NORWICH – Family dairy farms in Chenango County are headed for a disaster come April, one local producer says.
That’s because milk prices have dropped significantly in just a month, while the cost of production has risen well-above what farmers are getting paid.
According to the latest figures from the U.S. Department of Agriculture, the liquid milk price for the area this month is $19.95 per hundred-weight. (As a commodity, milk is priced per hundred pounds.) That’s nearly a $3 decrease from February. When the March price is adjusted by the federal government for farm checks sent out in April, it’s likely local dairy producers will get paid even less.
Meanwhile, it’s costing farmers between $24 and $28 to produce each hundred-weight, USDA figures show. The result: Dairy producers will continue losing money, despite what some consider to be relatively high milk values.
“We’re headed for a disaster,” said South New Berlin farmer Ken Dibbell, adding that many farmers are still recovering from disastrous returns in 2005, 2006, and the first part of 2007. “Come April, the pay price will be well below $20. It’s crazy, and we can’t stop it.”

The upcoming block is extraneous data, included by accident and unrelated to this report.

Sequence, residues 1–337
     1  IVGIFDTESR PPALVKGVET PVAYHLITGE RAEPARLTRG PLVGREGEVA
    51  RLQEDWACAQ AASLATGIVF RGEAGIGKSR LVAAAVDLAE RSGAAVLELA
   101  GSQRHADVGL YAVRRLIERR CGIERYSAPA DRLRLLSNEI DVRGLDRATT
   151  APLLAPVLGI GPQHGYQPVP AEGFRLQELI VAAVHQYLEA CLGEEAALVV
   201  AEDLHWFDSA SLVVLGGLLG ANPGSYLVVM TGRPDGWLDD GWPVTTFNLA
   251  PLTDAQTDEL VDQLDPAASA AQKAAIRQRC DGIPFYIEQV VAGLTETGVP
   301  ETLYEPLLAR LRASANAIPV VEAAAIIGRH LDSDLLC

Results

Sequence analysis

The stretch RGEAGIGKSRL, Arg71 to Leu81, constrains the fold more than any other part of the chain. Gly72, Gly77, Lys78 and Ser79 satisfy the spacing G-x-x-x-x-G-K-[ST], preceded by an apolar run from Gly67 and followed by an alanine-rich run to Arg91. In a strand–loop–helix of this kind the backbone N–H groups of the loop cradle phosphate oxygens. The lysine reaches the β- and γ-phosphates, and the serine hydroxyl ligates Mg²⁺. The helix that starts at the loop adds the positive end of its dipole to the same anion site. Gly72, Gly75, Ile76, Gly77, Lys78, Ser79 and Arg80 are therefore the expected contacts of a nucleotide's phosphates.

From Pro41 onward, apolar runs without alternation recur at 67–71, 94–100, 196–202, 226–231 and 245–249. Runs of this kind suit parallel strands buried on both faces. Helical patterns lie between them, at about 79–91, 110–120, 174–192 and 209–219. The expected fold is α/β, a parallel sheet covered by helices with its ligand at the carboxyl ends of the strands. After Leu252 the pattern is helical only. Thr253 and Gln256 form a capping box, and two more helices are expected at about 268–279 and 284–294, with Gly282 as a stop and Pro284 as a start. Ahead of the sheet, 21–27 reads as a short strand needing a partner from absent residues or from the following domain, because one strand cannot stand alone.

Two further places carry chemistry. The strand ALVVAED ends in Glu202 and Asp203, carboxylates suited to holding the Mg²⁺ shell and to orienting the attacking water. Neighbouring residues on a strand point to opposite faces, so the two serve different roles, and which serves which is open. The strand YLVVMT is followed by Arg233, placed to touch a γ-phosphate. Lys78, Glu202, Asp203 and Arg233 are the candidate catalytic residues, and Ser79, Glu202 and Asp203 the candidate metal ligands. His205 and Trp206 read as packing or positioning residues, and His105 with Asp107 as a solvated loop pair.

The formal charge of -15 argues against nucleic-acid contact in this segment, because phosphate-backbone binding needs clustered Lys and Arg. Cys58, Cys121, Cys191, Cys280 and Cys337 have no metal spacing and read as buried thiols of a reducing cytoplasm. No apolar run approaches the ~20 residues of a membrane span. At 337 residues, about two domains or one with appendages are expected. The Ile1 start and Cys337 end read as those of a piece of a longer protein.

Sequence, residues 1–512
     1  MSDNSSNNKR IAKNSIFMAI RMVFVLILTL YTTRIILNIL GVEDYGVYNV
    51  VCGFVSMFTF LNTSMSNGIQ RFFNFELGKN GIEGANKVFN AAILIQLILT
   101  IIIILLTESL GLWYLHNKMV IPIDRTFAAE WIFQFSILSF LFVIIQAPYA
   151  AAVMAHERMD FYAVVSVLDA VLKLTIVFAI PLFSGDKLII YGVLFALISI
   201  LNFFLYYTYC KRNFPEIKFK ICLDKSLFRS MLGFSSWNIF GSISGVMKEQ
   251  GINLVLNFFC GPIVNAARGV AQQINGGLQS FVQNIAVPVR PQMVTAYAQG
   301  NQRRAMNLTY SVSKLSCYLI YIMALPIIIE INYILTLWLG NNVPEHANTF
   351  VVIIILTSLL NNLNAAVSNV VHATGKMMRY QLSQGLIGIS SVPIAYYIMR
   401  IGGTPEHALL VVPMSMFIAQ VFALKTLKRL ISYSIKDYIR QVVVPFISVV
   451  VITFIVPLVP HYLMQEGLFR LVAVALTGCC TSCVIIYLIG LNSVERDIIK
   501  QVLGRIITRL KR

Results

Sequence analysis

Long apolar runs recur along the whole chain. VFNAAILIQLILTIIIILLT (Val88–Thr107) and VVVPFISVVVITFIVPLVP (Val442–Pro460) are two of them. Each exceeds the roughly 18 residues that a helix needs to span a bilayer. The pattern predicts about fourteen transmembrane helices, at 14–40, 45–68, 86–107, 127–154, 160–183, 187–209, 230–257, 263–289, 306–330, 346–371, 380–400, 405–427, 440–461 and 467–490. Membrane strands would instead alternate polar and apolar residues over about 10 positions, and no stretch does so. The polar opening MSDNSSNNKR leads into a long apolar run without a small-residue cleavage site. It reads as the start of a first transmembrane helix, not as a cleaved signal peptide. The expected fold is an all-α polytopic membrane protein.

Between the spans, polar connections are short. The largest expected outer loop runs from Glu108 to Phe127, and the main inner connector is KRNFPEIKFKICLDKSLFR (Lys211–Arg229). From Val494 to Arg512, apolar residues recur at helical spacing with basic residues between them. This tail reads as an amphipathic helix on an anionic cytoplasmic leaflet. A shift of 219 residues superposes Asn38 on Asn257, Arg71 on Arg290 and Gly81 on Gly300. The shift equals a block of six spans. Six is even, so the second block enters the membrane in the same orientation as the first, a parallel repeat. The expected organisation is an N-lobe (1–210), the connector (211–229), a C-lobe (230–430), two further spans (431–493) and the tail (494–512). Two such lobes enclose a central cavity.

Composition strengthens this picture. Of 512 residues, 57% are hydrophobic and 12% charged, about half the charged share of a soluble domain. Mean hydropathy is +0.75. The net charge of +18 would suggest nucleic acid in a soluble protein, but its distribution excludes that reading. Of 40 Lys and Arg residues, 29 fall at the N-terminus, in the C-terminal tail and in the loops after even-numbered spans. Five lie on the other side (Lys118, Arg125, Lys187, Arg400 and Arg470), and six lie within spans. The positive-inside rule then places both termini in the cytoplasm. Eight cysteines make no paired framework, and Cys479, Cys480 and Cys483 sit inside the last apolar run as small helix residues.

Dibbell’s argument is in stark contrast to what other local producers and economists have said.
Instead, Dibbell says it wouldn’t be a surprise to see more family farms shut-down in Chenango County – there were over 700 when he moved here 30 years ago, now there’s about 230 – and across the country in the coming months and years unless the milk pricing system, set by the federal government based on certain market factors, changes to reflect the cost of production.
What does that mean for the county as a whole? According to the state Department of Agriculture and Markets, for every $1 spent by a dairy farm, approximately $2.50 in wages and related business transactions is contributed to the local economy...